So, your business needs an app? (Spoiler, you probably don’t)

Recommended By

I recently presented this at the Eastern Innovation Business Centre about everything you need to know before including an app in your digital strategy, with steps and tips for success for startups to large enterprises.

Technology and the human touch

Recommended By

Last week we had the pleasure of welcoming Kelly Schulz to b2cloud who ran an amazing accessibility and inclusion workshop to help further our understanding and empathy for all our users. While the focus was

The car of the future is shared and driven by software

Recommended By

There are many visions on where mobility is going and how transportation will evolve. Which will prevail? Where will the disruption occur? I suspect the car I drive now, will be the last one I

Hey Siri, how do I start a conversation with someone with a disability?

Recommended By

We all love Siri’s little witty quips, but I recently read a heartwarming article over on Mashable that reflects the power of technology to change lives in ways that most of us would never appreciate. I won’t spoil

CES 2017: Health and Accessibility

Recommended By

This year’s CES certainly lived up to the Las Vegas expo’s reputation as the place to see what’s next in tech, showcasing innovations that will set the tone for the rest of the year and beyond. The

Rerouting an iPhone’s HTTP and HTTPS traffic (Part 3)

Guides | Tutorial By 3 years ago

Over 2 years ago I posted a couple of blogs showing how to monitor iPhone HTTP and HTTPS traffic. If you haven’t seen these two blogs, it’s recommended you read them for some initial setup

Separating Xcode builds (debug vs release)

Guides | Tutorial By 4 years ago

When you send a build to your client or testers, it can be difficult telling development builds from AppStore builds. At b2cloud we split the builds with two different app ids, and a different app title to make it easy to tell them apart. Because the app id is different it means you can have both builds on your device at the same time, and the development one wont overwrite the AppStore one, and vice versa.

Monitoring an iPhone’s HTTPS traffic (Part 2)

Guides | Tutorial By 5 years ago

Following on from last week’s blog, this will cover monitoring an iPhone’s HTTPS traffic. If you haven’t already, look at the setup from last week as it is required in order for this next part to work.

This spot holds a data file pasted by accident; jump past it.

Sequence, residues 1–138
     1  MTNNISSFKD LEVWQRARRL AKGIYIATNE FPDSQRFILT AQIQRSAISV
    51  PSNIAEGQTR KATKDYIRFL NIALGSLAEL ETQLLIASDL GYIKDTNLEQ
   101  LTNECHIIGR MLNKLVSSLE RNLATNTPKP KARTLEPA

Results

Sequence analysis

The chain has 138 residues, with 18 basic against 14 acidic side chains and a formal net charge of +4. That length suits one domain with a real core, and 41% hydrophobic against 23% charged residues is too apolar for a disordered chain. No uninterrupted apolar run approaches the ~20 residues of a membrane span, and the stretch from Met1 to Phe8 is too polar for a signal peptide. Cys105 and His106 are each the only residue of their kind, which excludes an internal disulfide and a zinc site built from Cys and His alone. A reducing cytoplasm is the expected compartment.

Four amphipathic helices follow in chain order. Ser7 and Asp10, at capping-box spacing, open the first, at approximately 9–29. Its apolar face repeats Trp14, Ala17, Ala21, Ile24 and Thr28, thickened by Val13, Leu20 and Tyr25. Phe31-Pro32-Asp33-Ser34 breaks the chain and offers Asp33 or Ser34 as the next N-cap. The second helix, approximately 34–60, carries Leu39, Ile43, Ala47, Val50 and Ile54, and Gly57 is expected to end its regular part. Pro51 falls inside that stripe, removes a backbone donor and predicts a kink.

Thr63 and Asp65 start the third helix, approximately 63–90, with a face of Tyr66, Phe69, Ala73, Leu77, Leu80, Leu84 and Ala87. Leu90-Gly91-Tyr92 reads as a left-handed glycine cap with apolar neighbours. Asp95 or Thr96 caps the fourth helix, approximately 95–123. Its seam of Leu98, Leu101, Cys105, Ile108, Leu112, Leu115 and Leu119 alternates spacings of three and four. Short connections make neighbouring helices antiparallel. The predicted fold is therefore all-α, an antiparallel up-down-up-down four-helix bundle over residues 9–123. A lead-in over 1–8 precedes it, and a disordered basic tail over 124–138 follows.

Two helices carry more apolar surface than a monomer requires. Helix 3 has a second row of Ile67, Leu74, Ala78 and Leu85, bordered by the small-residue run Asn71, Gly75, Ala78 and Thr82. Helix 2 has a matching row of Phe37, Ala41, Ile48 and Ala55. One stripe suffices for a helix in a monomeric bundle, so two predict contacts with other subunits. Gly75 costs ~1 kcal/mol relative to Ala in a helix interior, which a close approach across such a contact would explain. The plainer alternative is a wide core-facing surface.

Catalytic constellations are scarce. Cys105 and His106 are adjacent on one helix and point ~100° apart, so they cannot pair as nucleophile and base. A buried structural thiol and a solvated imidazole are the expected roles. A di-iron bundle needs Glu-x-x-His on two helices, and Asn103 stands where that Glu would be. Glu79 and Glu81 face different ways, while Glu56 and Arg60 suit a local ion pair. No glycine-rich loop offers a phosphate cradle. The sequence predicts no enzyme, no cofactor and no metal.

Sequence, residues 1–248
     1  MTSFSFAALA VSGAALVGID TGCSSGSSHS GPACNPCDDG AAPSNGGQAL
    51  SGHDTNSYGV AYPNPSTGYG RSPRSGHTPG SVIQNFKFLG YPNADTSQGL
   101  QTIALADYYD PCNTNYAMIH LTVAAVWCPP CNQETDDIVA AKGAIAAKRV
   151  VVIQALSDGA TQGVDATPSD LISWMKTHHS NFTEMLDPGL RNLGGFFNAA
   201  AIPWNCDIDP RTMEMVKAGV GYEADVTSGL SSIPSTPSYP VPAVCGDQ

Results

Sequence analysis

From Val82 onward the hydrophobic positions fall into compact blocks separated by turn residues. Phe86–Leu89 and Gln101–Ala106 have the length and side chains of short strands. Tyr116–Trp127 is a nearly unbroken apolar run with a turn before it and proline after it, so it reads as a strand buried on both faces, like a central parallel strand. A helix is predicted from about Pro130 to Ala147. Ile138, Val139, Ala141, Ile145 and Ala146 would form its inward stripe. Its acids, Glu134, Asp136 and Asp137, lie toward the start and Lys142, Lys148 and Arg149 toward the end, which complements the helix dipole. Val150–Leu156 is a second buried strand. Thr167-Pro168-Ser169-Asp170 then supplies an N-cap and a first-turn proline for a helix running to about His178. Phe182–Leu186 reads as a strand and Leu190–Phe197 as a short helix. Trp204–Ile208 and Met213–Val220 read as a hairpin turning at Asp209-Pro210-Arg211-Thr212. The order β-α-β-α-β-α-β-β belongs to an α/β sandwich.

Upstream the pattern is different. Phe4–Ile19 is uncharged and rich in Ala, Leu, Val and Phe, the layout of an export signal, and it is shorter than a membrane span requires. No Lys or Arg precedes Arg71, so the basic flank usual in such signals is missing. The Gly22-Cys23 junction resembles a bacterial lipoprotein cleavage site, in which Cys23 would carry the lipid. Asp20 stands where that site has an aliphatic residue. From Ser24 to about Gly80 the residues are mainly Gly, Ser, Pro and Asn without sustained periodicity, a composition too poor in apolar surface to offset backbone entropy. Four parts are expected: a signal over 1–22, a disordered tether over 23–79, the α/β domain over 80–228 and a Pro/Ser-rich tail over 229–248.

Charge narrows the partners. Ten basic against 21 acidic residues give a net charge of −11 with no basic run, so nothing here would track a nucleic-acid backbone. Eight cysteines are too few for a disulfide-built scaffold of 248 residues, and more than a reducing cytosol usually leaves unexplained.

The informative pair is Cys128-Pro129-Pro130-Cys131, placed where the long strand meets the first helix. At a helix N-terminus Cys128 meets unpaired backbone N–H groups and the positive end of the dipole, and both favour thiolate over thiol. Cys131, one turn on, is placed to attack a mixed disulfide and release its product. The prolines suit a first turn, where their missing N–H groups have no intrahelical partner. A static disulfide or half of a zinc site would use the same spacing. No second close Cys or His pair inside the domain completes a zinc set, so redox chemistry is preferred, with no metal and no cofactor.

Monitoring an iPhone’s HTTP traffic (Part 1)

Guides | Tutorial By 5 years ago

Previously when I’ve needed to monitor web traffic from my iPhone I would use my laptop to redistribute my wifi as a 2nd network with another network card and use a tool like WireShark or Charles to monitor everything that’s being sent and received from my iPhone after I connected to the 2nd network. This was overcomplicating things, hidden in the iPhone’s settings is the ability to connect to a proxy server, meaning you can debug web traffic without the need for any 2nd networks or ethernet cables.

Stack traces in Xcode 4.1+

Guides | Tutorial By 6 years ago

Since Xcode 4.1 when your application throws an exception your console just prints a list of function pointers and you don’t get a proper stack trace. This isn’t helpful if you’re trying to find the exact line the error occurred on.

Woes of KeychainWrapper and NSAssert

Thoughts By 6 years ago

If you have ever needed to store a password or other sensitive data in an iPhone app, you have probably used Keychain Access, Apple’s solution to storing data securely. You have also probably used Apple’s KeychainWrapper class, offering a very easy wrapper to storing info in the keychain.

The KeychainWrapper worked well in debug mode, but when building for release it didn’t seem to be writing objects to the keychain. I was fumbling around with this for hours, going over my own code thinking I had made a mistake somewhere. In the end I figured out what the problem was, in Apple’s code for KeychainWrapper the actual line that executed the commit to the keychain was inside an NSAssert, which is used for development, but as soon as you build for release or distribution every NSAssert is nullified, giving the same effect of commenting out anything on that line, removing the keychain commit code.